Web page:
Having already tasted two or three more-modest selections of unusual grape varieties with Slotover several years ago, I wondered in advance whether it would turn out to be a bit of a chore. (Though when I sent the list of wines to my co-authors, Switzerland-based Vouillamoz was deeply envious.) In the event, I found this group of Slotover finds by far the most impressive. Perhaps this is because today these rarities are being cherished by increasingly serious wine producers as opposed to simply being local oddities. The quality of the wines, particularly the whites, which don’t always last as long as reds, was also impressive in view of the fact that Slotover had bought some of them as long as four years ago.
I noticed that quite a few of the wines were certified organic and found that a higher-than-average proportion of the whites had been made as though they were reds, leaving the grapes in contact with the skins before and/or during fermentation. Perhaps the thought was that this increasingly popular technique would imbue the wines with even more varietal character, but I found that some of these wines, often called orange wines, were more dominated by the chewiness associated with extended skin contact than by the actual flavour of the grape variety.
The tasting got off to a grand start with a white wine grape I had never heard of, Bouysselet, from the environs of Toulouse, that, at five years old, was still very much alive and kicking. It ended with a less impressive red wine made from a Piemontese grape called Slarina that, in this case anyway, tasted of dusty damsons and inky strawberry jam. Not perfect, but only 11.5% alcohol. In fact most of these wines were less alcoholic than the norm, with only five of the 57 more than 15% and some as low as 10.5%.
Italy supplied the greatest number of these wines – 15 – with 11 of them being Spanish and eight from each of France and Greece. As it happens, I have long enthused about Greece and Portugal as being valuable sources of fine wines made from indigenous grape varieties but only one example in this particular collection was Portuguese. Switzerland, Austria, Romania, Serbia and Chile also fielded one wine in this tasting (the minor Bordeaux variety Gros Verdot, called Grosse Mérille by its rescuer, in the case of Chile), with two from Croatia, three from Hungary and four from Germany – all from a Rheinhessen nursery specialising in ancient grape varieties. Perhaps the geographical spread of Slotover’s collection is heavily influenced by his concert calendar.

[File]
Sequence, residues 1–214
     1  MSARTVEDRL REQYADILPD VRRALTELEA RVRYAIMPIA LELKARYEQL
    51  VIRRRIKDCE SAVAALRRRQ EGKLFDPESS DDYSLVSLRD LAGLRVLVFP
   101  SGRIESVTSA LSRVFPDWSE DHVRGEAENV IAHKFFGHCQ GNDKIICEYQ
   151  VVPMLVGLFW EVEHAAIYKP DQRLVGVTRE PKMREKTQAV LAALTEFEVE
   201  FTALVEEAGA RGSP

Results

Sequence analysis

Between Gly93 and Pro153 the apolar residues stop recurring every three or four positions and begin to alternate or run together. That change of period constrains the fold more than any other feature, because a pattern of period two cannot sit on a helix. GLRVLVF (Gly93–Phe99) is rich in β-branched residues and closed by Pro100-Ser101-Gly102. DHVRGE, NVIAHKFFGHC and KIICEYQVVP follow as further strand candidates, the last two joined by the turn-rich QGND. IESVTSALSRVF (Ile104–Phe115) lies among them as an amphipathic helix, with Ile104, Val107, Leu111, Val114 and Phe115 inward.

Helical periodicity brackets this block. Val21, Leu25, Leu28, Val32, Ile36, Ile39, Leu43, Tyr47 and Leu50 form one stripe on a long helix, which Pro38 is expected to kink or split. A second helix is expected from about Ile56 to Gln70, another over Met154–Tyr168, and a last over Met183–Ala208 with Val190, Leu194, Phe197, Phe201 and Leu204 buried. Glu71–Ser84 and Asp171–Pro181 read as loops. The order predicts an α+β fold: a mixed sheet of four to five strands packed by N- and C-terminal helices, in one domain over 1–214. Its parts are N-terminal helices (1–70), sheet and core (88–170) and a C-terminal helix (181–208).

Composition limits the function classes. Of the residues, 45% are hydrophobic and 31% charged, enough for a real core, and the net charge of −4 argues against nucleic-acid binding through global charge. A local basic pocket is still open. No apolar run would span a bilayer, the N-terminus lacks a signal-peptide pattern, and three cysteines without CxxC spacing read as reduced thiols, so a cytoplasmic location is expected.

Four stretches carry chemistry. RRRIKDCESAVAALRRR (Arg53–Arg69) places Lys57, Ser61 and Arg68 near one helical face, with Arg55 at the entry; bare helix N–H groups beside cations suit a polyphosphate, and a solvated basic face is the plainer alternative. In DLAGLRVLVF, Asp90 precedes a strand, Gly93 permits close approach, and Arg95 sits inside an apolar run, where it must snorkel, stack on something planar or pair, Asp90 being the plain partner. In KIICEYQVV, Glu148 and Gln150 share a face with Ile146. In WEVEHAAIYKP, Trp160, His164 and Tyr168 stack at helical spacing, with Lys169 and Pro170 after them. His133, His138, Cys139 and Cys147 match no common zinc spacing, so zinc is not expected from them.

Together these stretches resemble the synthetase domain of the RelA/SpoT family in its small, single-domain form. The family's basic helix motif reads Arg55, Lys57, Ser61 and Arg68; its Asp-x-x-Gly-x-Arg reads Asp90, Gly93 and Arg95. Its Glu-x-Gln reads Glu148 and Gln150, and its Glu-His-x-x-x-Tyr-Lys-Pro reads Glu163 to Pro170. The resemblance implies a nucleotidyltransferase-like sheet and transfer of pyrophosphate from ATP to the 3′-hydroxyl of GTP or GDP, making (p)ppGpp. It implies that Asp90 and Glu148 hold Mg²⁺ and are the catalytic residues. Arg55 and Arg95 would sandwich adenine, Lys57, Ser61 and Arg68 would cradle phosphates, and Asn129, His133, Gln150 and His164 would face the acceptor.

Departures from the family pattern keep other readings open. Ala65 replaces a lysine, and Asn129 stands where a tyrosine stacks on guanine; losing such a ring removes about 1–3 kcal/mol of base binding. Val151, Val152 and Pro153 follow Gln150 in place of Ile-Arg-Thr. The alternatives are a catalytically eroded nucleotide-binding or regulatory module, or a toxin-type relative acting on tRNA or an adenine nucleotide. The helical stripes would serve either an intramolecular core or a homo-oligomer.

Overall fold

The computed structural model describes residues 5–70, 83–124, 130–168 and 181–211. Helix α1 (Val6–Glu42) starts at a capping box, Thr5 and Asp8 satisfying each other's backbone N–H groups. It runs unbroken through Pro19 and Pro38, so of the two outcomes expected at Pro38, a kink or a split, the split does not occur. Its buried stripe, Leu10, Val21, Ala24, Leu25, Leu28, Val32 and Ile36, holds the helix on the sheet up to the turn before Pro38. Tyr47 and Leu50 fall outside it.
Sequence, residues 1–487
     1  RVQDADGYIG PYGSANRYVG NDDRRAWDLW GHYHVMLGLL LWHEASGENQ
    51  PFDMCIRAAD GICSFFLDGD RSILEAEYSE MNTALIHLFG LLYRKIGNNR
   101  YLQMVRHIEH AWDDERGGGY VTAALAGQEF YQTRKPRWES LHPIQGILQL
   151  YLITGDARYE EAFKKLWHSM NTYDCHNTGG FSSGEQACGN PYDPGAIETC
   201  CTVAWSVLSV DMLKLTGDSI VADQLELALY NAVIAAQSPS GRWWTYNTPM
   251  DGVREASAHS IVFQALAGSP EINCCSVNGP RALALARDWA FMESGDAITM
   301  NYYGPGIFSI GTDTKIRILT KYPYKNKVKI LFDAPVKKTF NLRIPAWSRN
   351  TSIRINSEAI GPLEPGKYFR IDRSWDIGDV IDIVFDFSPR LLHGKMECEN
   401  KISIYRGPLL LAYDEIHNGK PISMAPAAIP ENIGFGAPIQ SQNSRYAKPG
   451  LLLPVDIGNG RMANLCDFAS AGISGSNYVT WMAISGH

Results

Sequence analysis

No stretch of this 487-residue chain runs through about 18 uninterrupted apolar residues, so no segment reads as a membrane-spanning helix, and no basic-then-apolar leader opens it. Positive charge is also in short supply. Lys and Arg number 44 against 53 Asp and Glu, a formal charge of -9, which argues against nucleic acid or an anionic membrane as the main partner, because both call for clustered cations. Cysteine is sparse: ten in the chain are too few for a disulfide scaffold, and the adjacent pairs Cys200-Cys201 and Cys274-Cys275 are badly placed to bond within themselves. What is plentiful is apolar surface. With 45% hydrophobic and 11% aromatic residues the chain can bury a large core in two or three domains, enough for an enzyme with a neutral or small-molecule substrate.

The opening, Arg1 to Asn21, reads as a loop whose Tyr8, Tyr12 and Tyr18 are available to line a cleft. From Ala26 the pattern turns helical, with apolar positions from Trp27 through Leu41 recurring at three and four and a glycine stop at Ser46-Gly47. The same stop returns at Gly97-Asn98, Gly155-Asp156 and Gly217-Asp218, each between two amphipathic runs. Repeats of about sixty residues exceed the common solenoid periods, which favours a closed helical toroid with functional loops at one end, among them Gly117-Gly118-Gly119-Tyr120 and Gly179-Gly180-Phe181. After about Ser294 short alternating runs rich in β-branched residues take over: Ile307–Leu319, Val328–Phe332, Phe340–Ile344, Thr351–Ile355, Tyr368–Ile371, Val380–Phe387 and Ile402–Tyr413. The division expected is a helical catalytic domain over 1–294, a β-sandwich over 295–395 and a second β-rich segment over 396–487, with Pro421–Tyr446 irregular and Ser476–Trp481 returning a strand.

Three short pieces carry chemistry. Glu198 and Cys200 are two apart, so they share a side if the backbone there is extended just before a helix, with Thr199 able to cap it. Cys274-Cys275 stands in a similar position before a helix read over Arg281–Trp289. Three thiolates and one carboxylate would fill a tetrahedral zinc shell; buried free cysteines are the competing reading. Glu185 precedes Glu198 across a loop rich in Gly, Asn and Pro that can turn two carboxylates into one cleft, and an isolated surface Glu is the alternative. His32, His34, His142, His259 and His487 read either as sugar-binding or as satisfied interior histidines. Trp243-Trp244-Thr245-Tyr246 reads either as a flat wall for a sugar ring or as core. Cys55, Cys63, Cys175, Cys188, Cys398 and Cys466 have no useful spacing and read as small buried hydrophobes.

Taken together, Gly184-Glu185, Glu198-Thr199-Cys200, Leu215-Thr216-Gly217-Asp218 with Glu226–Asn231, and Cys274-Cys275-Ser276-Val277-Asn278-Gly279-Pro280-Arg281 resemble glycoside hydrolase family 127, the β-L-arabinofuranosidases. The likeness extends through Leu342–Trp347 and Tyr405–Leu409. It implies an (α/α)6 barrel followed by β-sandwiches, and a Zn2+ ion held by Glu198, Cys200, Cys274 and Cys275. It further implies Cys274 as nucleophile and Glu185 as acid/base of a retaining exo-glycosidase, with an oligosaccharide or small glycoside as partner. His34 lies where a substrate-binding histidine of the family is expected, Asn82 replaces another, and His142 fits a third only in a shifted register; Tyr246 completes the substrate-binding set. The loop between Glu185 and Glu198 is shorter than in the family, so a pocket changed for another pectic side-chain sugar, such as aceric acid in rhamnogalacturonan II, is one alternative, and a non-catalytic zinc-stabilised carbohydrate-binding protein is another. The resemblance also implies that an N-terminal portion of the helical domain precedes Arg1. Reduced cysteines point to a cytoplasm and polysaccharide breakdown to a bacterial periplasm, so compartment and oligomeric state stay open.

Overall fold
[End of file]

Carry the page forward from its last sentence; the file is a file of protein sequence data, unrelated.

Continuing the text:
Slotover grouped the grape varieties according to whether he could find only a single producer of them and whether he found more. Within these groups, whites were presented before reds and the grapes presented alphabetically. Afterwards I checked which of them we had included in our 2012 book. We did have 24 of the 31 multi-producer grapes but only six of the 26 varieties represented in the first, single-producer group were featured in Wine Grapes. Time for a second edition?
Rare grape varieties with obvious potential
These are the grapes and their region that showed best in the recent tasting. But the wines are available in such small quantities that stockists are few and far between. So far.
Bouysselet from Fronton, south-west France 14%
Coda di Pecora from Campania, southern Italy 12.5%
Gelber Kleinberger from Rheinhessen, Germany 12.5%
Grünfränkisch from Rheinhessen, Germany 13%
Maturana Blanca from Rioja, Spain 13.5%
Maturano from Lazio, Italy 12%
Melissaki from Crete, Greece 13.2%
Monstruosa de Monterrei from Galicia, Spain 13.5%
Rossetto from Lazio, Italy 13%
Roussellou from Aveyron, southern France 11.6%
Verdejo Serrano from Extremadura, western Spain 12.5%
Vinyater from Catalunya, Spain 13%
Carrasquin from Asturias, northern Spain 14.5%
Hartblau from Rheinhessen, Germany 13.5%
Occhiorosso from Tuscany, Italy 14%
Picapoll Negre from Catalunya, north-east Spain 12%
Ribeyrenc from the Languedoc, southern France 12%
Sanforte from Tuscany, Italy 14.5%
Tasting notes in The rare-grape collector.